The modern data revolution is upon us. It’s been boiling over for a few years now. Nearly everything and anything exists in a digital form, collecting, reporting and processing important digital content — from fitness trackers that monitor your personal health to smartphones that track how you use them and interact with the world around you.
IoT, or the Internet of Things, is a great example of how the world is becoming more digitized. Such devices are essentially smart, connected platforms meant to collect and report various streams of data. They can also reach out and communicate with nearby systems and devices. Imagine a smart home thermostat that can help you conserve energy by cutting down on air and heating use, yet can also sync up with home lighting systems to save you money on electricity bills.
The healthcare and medical industry is no stranger to this change, and just like everything else, it’s also becoming more modern, more digitized. You wouldn’t think so, but it helps doctors and health professionals become more proficient, and offers better care and coverage for patients.
How Big Data Helps the Healthcare Industry
To understand how it helps — or how to leverage it — you must first understand why and where data makes such an impact.
The best way to explain it is this: Everything you do, everything you interact with and everything you experience essentially creates a stream of data. That information can be collected using modern digital systems. The data then goes to a remote network, where it can be analyzed and processed to extract actionable insights.
Let’s say you visit the doctor because you’re having regular chest pains. A traditional visit would require you to share symptoms, personal activities and various consumable in your life from diet and food to the medicines you’re taking. The health care professional would then use their knowledge and experience, combined with the information you provided to make a proper diagnosis.
The obvious first thought behind what’s causing chest pains is a potential heart attack or similar health issues. However, there are many underlying reasons why a patient might be experiencing chest pain. Anxiety and panic attacks, for example, can also cause severe pain.
In the future scenario, the data the doctor would normally collect instead goes into a computer-based system, and an AI tool or platform assesses the information and delivers a diagnosis. The biggest difference is that the computer system has much more information at the ready. It can access the entirety of the patient’s health care records, for example. It can also access information and data related to similar experiences across the network. If other patients had similar symptoms or issues, for example, the data system can compare this accurately. More importantly, a computer can process the data and provide results at incredible speeds.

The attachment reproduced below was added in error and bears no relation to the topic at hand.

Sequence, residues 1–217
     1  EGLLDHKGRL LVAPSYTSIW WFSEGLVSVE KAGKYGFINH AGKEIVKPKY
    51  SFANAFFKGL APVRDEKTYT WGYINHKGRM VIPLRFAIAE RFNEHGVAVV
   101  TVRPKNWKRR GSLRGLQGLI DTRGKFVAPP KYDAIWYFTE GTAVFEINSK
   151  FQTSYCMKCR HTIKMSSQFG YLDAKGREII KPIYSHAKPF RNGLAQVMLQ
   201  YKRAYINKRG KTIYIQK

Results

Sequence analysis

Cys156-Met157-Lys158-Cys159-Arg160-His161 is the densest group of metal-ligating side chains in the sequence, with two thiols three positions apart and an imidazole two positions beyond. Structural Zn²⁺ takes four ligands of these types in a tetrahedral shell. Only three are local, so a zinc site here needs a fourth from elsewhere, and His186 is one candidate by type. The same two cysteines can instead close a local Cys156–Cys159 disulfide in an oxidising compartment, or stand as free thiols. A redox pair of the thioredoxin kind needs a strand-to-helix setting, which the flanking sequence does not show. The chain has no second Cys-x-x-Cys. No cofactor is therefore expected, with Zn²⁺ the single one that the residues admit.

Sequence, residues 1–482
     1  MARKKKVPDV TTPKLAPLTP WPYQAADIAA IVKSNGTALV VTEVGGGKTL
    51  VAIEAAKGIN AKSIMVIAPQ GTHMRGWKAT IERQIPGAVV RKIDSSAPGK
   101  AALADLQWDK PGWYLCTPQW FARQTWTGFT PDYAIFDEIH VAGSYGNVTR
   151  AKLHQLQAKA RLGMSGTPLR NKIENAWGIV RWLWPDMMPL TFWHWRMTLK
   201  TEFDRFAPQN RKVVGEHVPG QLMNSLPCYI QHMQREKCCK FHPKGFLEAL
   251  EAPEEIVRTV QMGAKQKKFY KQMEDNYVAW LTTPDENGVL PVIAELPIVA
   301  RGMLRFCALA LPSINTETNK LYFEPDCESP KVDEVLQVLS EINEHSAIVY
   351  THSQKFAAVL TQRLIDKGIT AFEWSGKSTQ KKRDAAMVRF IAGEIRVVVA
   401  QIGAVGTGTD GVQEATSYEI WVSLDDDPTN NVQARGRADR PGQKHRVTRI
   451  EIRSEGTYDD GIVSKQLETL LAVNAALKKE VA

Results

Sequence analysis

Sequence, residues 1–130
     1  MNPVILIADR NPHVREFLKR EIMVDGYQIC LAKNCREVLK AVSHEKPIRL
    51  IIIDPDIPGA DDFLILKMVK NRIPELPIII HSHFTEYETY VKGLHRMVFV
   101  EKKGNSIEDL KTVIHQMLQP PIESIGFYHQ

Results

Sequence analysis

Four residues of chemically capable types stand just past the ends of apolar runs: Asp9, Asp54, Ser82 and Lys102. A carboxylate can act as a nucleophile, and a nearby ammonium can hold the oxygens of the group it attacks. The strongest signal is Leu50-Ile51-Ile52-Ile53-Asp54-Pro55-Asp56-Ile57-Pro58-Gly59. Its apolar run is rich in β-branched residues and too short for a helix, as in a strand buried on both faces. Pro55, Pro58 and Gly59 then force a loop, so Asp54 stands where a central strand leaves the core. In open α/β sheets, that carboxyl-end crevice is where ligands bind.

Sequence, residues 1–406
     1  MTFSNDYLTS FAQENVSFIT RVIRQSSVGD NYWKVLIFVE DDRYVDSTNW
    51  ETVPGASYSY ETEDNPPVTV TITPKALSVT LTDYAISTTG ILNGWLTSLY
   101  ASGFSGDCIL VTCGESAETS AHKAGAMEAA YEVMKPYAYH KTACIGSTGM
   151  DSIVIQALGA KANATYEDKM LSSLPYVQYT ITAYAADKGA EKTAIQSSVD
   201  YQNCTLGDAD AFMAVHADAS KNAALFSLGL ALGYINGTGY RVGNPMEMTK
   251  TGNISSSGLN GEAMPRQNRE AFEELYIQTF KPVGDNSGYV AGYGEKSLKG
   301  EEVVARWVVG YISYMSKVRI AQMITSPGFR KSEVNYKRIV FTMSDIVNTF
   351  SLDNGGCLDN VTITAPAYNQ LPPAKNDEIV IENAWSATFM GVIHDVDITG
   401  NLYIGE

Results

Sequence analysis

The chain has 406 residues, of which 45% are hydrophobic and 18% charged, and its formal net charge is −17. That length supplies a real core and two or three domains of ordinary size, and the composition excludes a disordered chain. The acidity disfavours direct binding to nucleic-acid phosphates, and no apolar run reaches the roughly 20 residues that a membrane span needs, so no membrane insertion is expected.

And this is just a single, theoretical example of how data can make a huge difference in the medical industry. Such systems can also prevent fraud and security problems, reduce hospital and office waiting times, identify high-risk patients, provide better care and medicine or even enhance patient outcomes.
Healthcare mapping software is another application that can offer considerable benefits. Location- and area-based mapping tools can be used to keep track of equipment, personnel, and even patients while on a hospital campus. It can also deliver in-home medical services on a more consistent basis. Professionals remain better informed of emergency and health situations, resource management — including the necessary hospital space — and proper treatments.
The Influence of Healthcare Data In the Real World
In many cases, data is already rampant in the healthcare and medical industry, and it’s improving operations and patient care in several ways. Many hospitals, for instance, have already adopted electronic health records for patient records and reporting. It’s a much more convenient and organized way to keep track of patient visits, past ailments, and various treatments.
A hospital in Paris is currently using a predictive analytics system to help reduce waiting times. Essentially, it monitors current trends and historical data to determine a proper staffing schedule. As a result, the hospital always has the right amount of personnel available to meet current demands.
Similarly, a few hospitals have reduced the number of ER visits by regular patients, using predictive analytics to determine high-risk potential. After identifying a patient as high-risk, they can help provide more personalized and accurate care, on an individual basis.
Each one of these real-world examples is possible thanks to a steady stream of accurate and reliable healthcare data. Going forward, there are so many ways in which the healthcare industry can improve, just by relying on modern, contextual data.
It’s safe to say big data or data systems, in general, play a considerable role in the regular and efficient operations in the healthcare industry, allowing for better patient care.